The word “kitchari” means “mix,” so while I do love my favourite basmati rice and mung dal recipe which I go to again and again, it’s also lovely to ~mix~ things up a bit — this time with some quinoa. Meanwhile, I don’t know about you, but as I’m typing this I’m wearing a jumper, which might not be that surprising as we head towards the cooler weather, but I’m also wearing a scarf, indoors. Yep, my Vata is definitely picking up on the Vata vibes of autumn, but more on that in a mo...

I used quinoa here as it’s a great tridoshic pseudo-grain (becuase it’s not actually a grain but a seed, even though grains are also seeds, but on a technical level grains are the seeds of grasses and quinoa is not a grass). Autumn is an ideal time to enjoy this protein-rich (great for Vata), slightly bitter (great for Pitta), light and gluten-free (good for Kapha) little quinoa “thing” which we shall henceforth call “quinoa.”

I’ve written about quinoa a million times across the internet and in books, so I’ll spare you here. I’ve taken a bit of a break from it in recent years, as in I ate less of it than I used to. Like all things you fall in love with, you can easily fall out of love if you overdo it, but when I cooked it up for this meal I fell in love again. Quinoa is lovely and fluffy when cooked in just the right amount of water, but I have to say I love a wet bowl of stodgy quinoa too — especially at this time of year.

So back to the Vata season again — yes that’s right we’re in Vata season, which can affect us all, whatever your mind-body type (Prakriti). To balance it out, you can add a bit more fat to your food, amp up the warming spices like fennel and ginger (but not the overstimulating warming spices like chillies) and toss in the seasonal root veg. I’ve favoured sweet potato here, simply because you can’t get more sweet than that, and the sweet taste is very grounding and therefore Vata-balancing.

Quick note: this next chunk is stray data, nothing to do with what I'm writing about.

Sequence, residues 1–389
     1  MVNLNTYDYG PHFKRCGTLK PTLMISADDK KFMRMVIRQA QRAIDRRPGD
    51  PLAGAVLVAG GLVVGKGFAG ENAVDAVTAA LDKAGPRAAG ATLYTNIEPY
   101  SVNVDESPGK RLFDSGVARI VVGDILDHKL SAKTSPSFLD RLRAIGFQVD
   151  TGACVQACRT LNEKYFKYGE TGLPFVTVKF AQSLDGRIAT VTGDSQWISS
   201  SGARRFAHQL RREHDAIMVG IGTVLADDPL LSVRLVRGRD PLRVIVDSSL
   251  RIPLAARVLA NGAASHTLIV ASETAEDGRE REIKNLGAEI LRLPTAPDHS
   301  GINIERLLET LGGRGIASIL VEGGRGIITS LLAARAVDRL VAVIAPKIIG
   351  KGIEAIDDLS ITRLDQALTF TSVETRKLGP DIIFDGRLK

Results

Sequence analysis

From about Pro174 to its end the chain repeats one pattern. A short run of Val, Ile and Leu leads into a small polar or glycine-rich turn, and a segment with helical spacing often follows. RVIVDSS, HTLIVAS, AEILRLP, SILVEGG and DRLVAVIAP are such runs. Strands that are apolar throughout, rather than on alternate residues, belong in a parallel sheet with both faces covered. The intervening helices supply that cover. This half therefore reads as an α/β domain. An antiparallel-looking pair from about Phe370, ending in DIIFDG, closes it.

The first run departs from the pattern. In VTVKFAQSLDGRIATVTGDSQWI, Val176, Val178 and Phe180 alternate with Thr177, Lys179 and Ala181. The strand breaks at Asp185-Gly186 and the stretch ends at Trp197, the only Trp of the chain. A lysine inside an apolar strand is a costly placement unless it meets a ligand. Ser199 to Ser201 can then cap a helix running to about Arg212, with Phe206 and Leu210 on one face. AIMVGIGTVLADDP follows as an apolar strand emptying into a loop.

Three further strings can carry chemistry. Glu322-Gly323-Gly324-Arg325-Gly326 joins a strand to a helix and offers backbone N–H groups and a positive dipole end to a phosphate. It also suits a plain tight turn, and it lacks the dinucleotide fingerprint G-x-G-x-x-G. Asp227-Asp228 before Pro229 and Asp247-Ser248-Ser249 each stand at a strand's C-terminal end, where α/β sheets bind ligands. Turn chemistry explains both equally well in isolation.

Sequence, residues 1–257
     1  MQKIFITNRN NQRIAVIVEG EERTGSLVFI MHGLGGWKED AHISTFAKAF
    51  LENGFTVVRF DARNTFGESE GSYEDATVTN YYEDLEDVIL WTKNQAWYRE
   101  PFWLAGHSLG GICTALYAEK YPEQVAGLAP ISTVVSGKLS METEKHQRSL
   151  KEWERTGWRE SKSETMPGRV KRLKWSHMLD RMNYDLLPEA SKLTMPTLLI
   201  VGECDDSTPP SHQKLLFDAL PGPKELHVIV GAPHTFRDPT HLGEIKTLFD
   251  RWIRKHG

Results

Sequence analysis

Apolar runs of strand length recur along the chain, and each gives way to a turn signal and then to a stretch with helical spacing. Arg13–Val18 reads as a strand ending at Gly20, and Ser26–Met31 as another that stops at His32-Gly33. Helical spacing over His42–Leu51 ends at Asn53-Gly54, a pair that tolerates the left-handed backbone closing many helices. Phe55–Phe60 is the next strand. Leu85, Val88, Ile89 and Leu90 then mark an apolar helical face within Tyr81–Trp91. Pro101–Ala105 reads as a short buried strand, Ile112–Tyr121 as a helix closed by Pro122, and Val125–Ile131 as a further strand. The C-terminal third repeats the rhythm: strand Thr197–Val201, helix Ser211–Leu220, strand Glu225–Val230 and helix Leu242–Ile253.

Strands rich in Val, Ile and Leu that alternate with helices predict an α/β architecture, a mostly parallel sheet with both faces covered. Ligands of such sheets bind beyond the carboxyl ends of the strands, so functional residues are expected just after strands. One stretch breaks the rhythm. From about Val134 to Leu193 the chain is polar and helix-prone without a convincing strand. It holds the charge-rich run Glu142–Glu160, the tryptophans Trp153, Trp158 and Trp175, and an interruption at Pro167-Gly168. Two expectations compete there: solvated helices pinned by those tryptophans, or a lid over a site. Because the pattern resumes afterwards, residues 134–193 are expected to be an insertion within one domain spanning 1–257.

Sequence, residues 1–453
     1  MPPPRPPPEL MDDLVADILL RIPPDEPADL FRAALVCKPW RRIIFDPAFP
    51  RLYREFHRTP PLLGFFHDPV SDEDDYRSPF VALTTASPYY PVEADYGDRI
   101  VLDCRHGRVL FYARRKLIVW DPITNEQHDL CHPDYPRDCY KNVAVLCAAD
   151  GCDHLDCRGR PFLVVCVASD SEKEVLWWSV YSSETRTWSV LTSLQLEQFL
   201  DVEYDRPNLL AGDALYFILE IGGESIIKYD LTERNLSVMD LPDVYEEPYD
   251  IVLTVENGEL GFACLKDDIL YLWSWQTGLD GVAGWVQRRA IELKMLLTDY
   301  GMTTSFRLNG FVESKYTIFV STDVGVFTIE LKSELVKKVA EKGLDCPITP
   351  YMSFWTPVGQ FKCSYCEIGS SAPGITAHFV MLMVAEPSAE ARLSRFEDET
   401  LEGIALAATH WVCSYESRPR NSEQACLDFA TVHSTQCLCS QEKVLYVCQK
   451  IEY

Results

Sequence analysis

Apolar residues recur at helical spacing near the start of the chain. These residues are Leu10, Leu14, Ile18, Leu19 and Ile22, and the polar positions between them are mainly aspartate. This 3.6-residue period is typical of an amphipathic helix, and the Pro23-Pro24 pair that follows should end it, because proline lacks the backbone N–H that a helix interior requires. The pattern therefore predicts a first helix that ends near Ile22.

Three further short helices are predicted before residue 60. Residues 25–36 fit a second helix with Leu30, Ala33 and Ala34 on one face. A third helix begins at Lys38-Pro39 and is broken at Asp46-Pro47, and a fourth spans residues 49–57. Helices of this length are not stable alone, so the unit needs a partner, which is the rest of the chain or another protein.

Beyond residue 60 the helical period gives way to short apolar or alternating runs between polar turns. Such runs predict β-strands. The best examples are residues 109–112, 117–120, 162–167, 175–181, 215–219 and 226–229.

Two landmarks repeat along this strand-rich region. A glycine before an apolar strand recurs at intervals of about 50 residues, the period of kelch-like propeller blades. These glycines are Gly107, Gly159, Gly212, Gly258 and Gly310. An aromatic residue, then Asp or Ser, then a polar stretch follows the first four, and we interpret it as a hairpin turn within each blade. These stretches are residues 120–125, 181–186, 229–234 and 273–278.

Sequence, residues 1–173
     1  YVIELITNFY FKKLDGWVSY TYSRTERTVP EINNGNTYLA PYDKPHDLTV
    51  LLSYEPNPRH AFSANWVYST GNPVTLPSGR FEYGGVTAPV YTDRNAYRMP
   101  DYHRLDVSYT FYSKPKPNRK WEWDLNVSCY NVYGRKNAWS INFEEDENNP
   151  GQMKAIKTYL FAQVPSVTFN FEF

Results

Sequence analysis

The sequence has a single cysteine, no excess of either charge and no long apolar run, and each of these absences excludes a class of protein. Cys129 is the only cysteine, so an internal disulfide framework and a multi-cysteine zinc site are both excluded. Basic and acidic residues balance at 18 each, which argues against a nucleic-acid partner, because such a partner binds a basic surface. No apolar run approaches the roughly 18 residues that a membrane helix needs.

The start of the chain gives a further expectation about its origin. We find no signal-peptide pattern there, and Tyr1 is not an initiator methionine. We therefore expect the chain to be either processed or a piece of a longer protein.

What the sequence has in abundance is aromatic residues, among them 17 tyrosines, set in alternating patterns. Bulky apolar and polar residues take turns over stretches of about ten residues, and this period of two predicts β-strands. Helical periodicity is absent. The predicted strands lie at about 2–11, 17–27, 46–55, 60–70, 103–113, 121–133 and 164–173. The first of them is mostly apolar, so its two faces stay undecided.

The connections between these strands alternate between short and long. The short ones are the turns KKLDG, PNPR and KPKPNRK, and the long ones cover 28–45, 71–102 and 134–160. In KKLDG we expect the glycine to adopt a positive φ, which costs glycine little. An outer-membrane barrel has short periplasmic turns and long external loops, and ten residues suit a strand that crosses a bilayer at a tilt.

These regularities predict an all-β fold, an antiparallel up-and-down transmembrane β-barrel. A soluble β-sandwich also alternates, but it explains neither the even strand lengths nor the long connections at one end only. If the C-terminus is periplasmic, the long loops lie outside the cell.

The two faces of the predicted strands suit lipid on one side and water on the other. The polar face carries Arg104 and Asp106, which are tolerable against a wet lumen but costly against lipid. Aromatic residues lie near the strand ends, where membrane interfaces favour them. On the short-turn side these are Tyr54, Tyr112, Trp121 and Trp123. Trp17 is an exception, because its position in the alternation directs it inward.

If you like kitchari then you’ll love the 3-day Ayurvedic reset, which is worth diving (or more gliding) into ASAP in time for the change in seasons — subscribe to the newsletter to get the plan.

If you haven’t tried your kitchari with a fresh green chutney (think pesto or chimichurri consistency and preperation), then you are missing out! It takes your meal to the next level and if you have guests they will fall in love with you. You’re welcome.


  • 1 cup (200g) yellow mung dal*

  • ½ cup (100g) white/pearl quinoa, soaked overnight

  • 1 sweet potato, peeled if the skin is tough and chopped into chunks

  • 2 tbsp ghee (or coconut oil) ***

  • 4 cups (1 litre) water, or more

  • 1 teaspoon of:

    • Black pepper

    • Ground coriander

    • Ground cumin

    • Sea salt

  • 2 teaspoons of:

    • Black mustard seeds

    • Cumin seeds

    • Turmeric

    • Fennel seeds

    • Ground ginger or finely chopped fresh ginger


  • Curry leaves - add to the spice mix when sautéing

  • 1 portion fresh green chutney (East by West page 229)


  1. Soak the quinoa overnight in double the amount of water.

  2. When you’re ready to cook, rinse the quinoa and mung dal.

  3. Measure out all of the spices into a cup — this makes it less likely that you'll burn your spices while searching for the others!

  4. Heat the ghee or oil in a large pot. Add all of the spices and sauté together on medium heat for a minute until fragrant. Be careful not to overdo this stage – it's better to err on the side of caution on your first attempt than risk frazzling the spices and making them bitter or burnt.

  5. Stir in the quinoa and mung dal. Add 4 cups of water, bring to the boil, then reduce to a simmer, lid on.

  6. Cook for 10 minutes, then add the sweet potato. Continue cooking for another 30 minutes (longer if using whole green mung beans), or until the dal is completely soft (easily squashed between finger and thumb), the kitchari has a porridge-like consistency and the ghee has risen to the top, adding more water if necessary. Adjust the seasoning and garnish with fresh chopped herbs or the fresh green chutney if you like.